OBJECTIVE: The accurate knowledge of demographic, signs and symptoms, imaging characteristics of coronavirus disease 2019 (COVID-19) is essential for the accurate management of these patients. However, the claims between the previous papers are not always consistent and may even contradict each other, for example, some claims the virus infects more men than women in Wuhan. In this large-scale cohort study, we aimed to update the demographic, signs and symptoms, imaging characteristics of patients with COVID-19 in the whole quarantine of Wuhan, China. METHODS: A cohort of 2126 patients with a diagnosis of COVID-19 pneumonia (confirmed by real-time reverse transcriptase-polymerase chain reaction, RT-PCR) who were admitted to one hospital in Wuhan were retrospectively enrolled. Data were collected between January 13, 2020, and April 8, 2020, the end of Wuhan quarantine. Demographic, signs and symptoms, imaging characteristics were analyzed. CT imaging characteristics associated with respiratory failure or death were identified. RESULTS: Of the 2126 patients with COVID-19, 1051 (49.44%) were men and 1075 (50.56%) were women, 1933 (90.92%) have fever and 1328 (62.46%) have dry cough. The mean age was 57.43 years of age (range 1-95). The CT imaging findings were bilateral pneumonia (1883[88.57%]), unilateral pneumonia (243[11.43%]), ground-glass opacity (GGO) or consolidation (1175[55.27%]), pleural effusion (69[3.25%]). Patients with respiratory failure or death were more likely to have pleural effusion on CT than patients without respiratory failure or death (p < 0.05). CONCLUSION: Men and women have been infected by SARS-CoV-2 in roughly equal numbers. Fever and cough are the most prevalent symptoms at disease onset in patients. Other prevalent symptoms include fatigue, and sputum production. COVID-19 patients with bilateral pneumonia and pleural effusion are more likely to develop respiratory failure or death.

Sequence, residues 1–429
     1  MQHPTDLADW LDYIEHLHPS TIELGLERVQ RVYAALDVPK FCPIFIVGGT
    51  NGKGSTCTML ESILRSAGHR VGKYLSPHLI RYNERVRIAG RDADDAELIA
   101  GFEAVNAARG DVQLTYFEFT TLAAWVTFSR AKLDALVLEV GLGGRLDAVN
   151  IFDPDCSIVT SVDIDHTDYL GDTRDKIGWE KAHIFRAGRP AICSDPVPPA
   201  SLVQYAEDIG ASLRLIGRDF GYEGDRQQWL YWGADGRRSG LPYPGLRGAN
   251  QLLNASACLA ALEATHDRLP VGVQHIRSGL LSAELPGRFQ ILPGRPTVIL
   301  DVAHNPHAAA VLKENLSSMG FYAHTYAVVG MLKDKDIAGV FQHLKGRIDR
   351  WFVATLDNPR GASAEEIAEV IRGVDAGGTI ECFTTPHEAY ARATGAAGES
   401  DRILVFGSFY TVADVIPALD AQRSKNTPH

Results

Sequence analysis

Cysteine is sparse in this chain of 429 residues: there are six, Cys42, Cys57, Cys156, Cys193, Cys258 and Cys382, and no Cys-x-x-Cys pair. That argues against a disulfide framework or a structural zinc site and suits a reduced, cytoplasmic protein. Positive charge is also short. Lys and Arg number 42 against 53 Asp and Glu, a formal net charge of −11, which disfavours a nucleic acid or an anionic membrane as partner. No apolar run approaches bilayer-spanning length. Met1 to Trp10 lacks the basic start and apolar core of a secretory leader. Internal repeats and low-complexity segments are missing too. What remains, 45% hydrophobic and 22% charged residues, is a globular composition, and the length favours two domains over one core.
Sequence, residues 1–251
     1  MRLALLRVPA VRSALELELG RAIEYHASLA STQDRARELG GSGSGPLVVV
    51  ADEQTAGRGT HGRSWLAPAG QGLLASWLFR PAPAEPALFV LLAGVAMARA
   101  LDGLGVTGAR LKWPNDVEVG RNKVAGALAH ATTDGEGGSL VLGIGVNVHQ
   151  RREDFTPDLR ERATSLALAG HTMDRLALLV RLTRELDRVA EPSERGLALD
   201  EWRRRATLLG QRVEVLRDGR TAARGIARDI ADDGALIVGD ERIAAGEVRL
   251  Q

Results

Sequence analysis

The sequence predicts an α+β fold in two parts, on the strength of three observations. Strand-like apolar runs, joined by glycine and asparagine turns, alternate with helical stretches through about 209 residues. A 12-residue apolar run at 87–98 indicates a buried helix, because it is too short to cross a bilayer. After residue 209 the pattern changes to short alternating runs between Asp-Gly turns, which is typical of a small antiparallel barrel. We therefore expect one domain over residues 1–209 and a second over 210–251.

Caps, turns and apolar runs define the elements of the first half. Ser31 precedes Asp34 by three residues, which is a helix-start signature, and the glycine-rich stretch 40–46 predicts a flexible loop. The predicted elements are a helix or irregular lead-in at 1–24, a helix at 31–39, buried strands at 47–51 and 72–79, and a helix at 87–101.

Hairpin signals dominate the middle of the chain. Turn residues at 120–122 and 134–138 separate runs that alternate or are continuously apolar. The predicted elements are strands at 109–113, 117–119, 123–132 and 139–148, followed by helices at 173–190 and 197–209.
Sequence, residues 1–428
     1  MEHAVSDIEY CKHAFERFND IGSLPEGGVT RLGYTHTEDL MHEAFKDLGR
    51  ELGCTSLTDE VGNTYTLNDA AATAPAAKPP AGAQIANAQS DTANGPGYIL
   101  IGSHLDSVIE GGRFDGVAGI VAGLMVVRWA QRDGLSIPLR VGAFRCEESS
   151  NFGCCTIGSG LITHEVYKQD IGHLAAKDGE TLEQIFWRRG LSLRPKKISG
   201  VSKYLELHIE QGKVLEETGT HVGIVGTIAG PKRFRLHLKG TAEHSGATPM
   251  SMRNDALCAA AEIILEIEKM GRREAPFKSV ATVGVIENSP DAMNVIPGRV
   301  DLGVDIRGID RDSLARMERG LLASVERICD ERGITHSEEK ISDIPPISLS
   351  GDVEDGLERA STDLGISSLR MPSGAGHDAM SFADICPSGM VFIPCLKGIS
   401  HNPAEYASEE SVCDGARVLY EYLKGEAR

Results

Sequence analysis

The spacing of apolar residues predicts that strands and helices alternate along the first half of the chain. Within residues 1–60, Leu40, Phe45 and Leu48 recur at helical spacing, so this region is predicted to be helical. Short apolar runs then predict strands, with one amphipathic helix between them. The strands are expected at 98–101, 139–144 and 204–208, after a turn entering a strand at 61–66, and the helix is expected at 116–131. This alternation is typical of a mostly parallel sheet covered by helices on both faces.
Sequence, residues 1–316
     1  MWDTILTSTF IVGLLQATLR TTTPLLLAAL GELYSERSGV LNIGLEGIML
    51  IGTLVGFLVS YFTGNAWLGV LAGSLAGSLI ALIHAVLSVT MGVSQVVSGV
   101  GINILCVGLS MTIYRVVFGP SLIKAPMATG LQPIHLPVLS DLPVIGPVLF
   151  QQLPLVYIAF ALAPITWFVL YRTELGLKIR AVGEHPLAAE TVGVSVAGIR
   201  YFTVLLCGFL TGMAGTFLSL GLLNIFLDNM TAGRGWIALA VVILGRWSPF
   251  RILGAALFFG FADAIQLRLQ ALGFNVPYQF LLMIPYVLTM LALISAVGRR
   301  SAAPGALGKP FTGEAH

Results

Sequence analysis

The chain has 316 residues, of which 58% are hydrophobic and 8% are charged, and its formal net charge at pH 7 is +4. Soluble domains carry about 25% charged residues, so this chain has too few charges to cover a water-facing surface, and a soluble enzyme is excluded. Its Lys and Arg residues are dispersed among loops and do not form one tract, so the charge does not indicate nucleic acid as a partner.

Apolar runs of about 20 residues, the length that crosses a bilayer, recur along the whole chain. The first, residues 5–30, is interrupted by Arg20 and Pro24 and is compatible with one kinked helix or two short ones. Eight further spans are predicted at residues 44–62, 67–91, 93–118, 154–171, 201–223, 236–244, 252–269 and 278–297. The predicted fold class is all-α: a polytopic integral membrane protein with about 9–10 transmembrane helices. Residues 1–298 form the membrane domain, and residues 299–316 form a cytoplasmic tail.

Subject(s)
COVID-19 , Pneumonia , Adolescent , Adult , Aged , Aged, 80 and over , Child , Child, Preschool , China/epidemiology , Cohort Studies , Demography , Female , Humans , Infant , Lung , Male , Middle Aged , Pneumonia/diagnostic imaging , Pneumonia/epidemiology , Quarantine , Retrospective Studies , SARS-CoV-2 , Tomography, X-Ray Computed , Young Adult
7.
Engineering (Beijing) ; 8: 116-121, 2022 Jan.
Article in English | MEDLINE | ID: covidwho-947208

ABSTRACT